Opioids are a strong and highly addictive pain medication that binds to opioid receptors in the brain, spinal cord, and other areas of the body. Basically, an opioid tells your brain that whatever part of your body that was in pain is not in pain anymore. While opioids are traditionally taken orally in pill form, some opioids can be administered in an injectable form.

What Are The Most Common Opioids?

While opioids can be obtained in a variety of ways, the most commonly used and abused opioids can actually be obtained by a prescription. Chances are if you haven’t taken an opioid before in your life, you are at least aware of and familiar with some of their names. Some of the most common prescription opioids include:

  • Hydrocodone (Vicodin)
  • Oxycodone (OxyContin, Percocet)
  • Oxymorphone
  • Morphine
  • Codeine
  • Heroin

Additionally, there are forms of opioids that some people might not even know are opioids.

Fentanyl is a synthetic opioid that is typically stronger than any of the more traditional opioids. While it’s typically prescribed to cancer patients and those who are in such extreme pain that even a regular opioid won’t do the trick, it’s commonly abused. Fentanyl can be incredibly dangerous and can even lead to an overdose.

How Are Opioids Misused?

While opioids are high-strength painkillers that are designed to only be taken for a short period of time, they are often used and abused in other ways. While many people begin taking them as medically directed, their bodies begin to grow dependent on the drugs. When this happens the person might continue to take opioids even after their prescription has run out or after the allotted time given to them by their doctor has run its course.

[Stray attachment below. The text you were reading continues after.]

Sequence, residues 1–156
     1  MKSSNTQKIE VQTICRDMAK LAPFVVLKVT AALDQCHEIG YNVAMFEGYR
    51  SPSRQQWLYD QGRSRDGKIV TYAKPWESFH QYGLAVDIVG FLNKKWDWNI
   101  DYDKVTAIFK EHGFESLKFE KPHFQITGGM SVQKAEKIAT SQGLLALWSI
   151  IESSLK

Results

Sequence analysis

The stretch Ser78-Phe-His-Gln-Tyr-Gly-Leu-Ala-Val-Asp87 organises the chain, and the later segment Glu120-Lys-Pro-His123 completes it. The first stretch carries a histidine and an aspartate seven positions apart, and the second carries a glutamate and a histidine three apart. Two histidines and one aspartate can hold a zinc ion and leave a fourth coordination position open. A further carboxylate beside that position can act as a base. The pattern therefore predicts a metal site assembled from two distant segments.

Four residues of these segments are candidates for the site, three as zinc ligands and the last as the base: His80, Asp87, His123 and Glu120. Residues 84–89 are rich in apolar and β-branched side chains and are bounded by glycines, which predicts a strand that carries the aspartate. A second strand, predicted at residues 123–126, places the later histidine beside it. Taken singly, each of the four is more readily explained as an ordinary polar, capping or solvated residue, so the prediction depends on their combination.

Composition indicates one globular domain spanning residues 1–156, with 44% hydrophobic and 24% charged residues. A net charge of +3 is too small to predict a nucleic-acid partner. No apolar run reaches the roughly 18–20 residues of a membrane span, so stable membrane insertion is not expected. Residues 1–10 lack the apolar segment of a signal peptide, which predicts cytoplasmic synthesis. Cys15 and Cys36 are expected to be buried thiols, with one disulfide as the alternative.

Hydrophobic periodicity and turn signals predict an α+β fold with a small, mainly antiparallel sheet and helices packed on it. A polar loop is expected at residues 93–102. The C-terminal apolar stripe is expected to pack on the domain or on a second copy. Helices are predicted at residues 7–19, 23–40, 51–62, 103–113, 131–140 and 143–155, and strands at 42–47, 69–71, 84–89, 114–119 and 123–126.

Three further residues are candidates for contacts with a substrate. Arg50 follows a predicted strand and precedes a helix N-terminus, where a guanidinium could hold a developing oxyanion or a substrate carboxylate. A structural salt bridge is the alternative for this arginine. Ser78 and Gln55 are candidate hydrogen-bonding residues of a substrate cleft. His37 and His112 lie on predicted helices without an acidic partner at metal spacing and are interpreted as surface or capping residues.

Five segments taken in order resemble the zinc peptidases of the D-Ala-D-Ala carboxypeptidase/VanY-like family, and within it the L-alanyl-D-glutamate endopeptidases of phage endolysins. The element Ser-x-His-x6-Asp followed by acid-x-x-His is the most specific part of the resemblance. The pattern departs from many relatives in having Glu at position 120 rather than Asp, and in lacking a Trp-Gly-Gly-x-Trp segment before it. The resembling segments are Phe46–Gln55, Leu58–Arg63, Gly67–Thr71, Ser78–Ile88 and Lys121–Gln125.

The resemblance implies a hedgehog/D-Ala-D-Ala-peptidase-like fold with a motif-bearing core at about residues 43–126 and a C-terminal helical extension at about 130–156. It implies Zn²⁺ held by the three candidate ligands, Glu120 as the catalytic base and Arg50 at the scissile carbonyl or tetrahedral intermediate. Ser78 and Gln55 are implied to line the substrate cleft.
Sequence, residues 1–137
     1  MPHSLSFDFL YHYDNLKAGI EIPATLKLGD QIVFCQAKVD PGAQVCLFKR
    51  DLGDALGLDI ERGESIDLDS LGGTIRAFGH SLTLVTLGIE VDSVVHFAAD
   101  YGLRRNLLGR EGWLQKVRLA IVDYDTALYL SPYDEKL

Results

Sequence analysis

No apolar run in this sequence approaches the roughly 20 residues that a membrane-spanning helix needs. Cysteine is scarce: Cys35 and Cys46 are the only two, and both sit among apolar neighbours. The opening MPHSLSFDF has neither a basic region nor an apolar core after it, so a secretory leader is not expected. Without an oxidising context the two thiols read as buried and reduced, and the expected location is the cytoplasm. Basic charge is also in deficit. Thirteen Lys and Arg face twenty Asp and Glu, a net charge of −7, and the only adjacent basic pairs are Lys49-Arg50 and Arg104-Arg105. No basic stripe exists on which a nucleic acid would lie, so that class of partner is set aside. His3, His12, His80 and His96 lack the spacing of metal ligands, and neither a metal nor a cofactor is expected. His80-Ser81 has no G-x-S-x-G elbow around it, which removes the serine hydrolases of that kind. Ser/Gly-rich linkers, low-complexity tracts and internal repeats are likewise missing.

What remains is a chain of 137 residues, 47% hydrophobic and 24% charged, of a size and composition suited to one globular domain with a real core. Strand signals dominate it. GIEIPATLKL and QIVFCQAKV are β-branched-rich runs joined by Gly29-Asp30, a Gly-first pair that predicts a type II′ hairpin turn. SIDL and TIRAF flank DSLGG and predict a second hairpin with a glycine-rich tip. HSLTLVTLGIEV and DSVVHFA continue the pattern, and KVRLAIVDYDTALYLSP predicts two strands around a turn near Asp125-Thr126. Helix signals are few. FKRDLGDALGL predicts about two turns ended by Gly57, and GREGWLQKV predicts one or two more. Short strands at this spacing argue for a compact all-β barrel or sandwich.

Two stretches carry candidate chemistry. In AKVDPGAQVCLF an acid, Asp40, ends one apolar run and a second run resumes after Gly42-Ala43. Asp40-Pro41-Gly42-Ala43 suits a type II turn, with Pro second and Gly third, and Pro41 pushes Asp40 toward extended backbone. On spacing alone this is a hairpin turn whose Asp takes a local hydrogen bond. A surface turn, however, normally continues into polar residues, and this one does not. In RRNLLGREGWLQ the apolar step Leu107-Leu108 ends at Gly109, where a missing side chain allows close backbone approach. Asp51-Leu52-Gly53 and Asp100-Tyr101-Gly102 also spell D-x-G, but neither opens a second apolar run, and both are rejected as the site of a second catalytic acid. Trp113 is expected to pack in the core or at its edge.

When this happens, someone who is hooked on opioids will find other ways to obtain opioids. They’ll do this either on the street, by using someone else’s prescription, or by searching out another substance in order to obtain that high.

Side Effects of Opioid Misuse

In addition to becoming addicted to opioids, there are some other side effects of prolonged use of the drug. Those side effects include:

  • Drowsiness
  • Confusion
  • Nausea
  • Constipation
  • Euphoria
  • Slowed breathing

In extreme cases, continued use of opioids can also lead to severe health complications including overdose and death.

How Can I Get Treatment For Opioid Addiction?

Chemical dependency comes with uncontrollable cravings. You want to quit. However, you’ll do anything for another dose when withdrawal symptoms begin. Because of these conflicting feelings, you experience tremendous frustration. In addition, when you stop taking the opioids, you might begin to notice a variety of negative withdrawal symptoms, including:

  • Diarrhea
  • Nausea
  • Vomiting
  • Muscle pain
  • Anxiety
  • Irritability

If you’re experiencing any of these adverse side effects as a result of prolonged opioid use, it’s important to get treatment before it is too late.

opioid addiction treatment centers